Italian experimental brand Opera Campi has launched two garments—a jacket dubbed “H-Jacket” and a pant called “H-Pant”—made of a new, innovative fabric called “H-EMP.”
Developed over 10 years of research, “H-EMP” is a patented Italian “biotech” fabric composed of 92 percent natural premium hemp and an 8 percent blend of Lycra spandex and bioplastic material, according to CEO Alberto Ziveri.
“The fabric and the garments are the first idea of making a sustainable product, yet looking smooth and futuristic,” Ziveri said. “The garments have been tested in a laboratory following ISO & UNI standard, demonstrating a record-breaking breathability, an excellent thermo-regulation property and an excellent durability.”
Opera Campi, based in the Northern Italy town of Parma, launched a Kickstarter crowdfunding campaign that has collected $15,800 so far. The H-Pant wholesales for 184 euros ($202.46) and the jacket for 194 euros ($213.47). Purchased as a set, they wholesale for 348 euros ($382.92).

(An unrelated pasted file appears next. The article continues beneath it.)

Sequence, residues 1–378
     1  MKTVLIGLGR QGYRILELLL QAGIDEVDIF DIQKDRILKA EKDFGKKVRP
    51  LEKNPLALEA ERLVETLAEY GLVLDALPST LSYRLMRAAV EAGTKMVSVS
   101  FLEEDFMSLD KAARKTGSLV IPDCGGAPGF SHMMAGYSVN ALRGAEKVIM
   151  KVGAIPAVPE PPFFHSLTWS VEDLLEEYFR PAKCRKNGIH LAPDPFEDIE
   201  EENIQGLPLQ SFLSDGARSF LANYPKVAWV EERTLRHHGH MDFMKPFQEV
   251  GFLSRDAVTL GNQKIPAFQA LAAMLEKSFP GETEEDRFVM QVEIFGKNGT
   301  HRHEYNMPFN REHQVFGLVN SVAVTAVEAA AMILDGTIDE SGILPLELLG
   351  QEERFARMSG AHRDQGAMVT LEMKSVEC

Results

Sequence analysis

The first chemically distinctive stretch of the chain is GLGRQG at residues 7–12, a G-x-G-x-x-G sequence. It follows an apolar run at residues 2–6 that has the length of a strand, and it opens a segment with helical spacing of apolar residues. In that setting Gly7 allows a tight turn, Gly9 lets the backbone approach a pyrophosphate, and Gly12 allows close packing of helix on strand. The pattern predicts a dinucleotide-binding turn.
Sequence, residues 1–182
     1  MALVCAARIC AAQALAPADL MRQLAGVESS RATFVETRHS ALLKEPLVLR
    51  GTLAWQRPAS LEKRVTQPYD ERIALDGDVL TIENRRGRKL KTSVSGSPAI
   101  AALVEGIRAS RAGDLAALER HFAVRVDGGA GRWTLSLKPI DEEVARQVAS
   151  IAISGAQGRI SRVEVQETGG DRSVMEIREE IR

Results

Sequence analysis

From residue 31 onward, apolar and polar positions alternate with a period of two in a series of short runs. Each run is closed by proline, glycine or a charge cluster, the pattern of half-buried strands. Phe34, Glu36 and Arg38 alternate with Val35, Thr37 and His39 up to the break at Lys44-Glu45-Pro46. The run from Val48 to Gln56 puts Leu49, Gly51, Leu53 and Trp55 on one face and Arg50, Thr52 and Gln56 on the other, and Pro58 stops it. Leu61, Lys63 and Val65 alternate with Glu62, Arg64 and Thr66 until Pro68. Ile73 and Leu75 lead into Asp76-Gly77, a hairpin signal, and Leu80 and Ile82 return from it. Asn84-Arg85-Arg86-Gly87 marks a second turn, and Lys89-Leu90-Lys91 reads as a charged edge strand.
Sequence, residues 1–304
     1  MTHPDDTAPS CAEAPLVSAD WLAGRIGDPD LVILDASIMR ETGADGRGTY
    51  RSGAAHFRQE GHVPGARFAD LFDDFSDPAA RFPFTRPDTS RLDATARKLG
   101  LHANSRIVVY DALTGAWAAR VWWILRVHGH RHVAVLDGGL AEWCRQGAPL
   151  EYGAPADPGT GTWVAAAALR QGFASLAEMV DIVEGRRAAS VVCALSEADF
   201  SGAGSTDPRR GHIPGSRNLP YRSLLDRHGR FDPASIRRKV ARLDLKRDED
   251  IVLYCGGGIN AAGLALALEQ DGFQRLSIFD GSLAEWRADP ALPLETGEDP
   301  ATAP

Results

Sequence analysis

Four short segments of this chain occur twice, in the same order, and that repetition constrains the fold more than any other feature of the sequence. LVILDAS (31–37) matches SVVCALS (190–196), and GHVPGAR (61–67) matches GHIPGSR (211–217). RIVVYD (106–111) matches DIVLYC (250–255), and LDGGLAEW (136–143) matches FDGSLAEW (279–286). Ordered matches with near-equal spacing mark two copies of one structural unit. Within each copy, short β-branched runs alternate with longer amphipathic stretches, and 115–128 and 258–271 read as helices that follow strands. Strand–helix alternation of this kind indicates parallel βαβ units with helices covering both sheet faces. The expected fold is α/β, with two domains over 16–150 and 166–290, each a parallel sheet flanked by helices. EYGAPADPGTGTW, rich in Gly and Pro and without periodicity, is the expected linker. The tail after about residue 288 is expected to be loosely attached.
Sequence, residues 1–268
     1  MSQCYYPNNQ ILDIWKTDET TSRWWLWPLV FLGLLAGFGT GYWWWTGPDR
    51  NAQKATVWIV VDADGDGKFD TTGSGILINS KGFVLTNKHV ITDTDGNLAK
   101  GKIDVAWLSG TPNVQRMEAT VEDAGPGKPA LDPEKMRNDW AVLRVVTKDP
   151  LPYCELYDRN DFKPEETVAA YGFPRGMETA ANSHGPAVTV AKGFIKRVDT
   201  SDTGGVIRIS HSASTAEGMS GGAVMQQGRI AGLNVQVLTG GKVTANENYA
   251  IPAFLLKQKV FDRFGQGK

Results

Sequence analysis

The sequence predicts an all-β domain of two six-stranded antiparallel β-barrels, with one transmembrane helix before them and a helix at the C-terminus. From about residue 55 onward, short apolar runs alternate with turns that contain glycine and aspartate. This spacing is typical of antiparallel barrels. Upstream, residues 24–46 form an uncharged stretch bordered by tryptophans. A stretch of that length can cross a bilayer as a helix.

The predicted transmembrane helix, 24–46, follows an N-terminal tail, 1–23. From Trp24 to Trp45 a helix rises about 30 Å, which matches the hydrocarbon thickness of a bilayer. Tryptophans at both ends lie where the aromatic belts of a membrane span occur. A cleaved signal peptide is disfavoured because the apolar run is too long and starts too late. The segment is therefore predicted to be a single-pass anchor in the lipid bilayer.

“Opera Campi has invested a lot on this, making a premium finished product which has been defined ‘light-years’ ahead by industry experts and the first people who wore them,” Ziveri said.
A main founder of the company, Ziveri bought Opera Campi in 2018 and is producing “premium futuristic fabrics and garments, with a traditional Italian footprint. Last year, Opera Campi produced 1,000 products made from a traditional fabric called La Canapa. A sample batch of the H-EMP styles also has been produced.
In the U.S., the Farm Bill signed into law at the end of 2018 legalized the growth of hemp, and analysts predict that the hemp market, valued at around $800 million at the beginning of 2019, could be worth $20 billion by 2022.
“Everyone in apparel is talking about how you can innovate with fabrics and differentiate yourself from the market,” Sue Welch, CEO at retail tech company Bamboo Rose, said earlier this year. “Hemp is going to play an increasingly important role there.”
Once the campaign is funded, the plan is to start up yarn production in November and fabric in January. Garment manufacturing and shipping would commence in March, with delivery in April.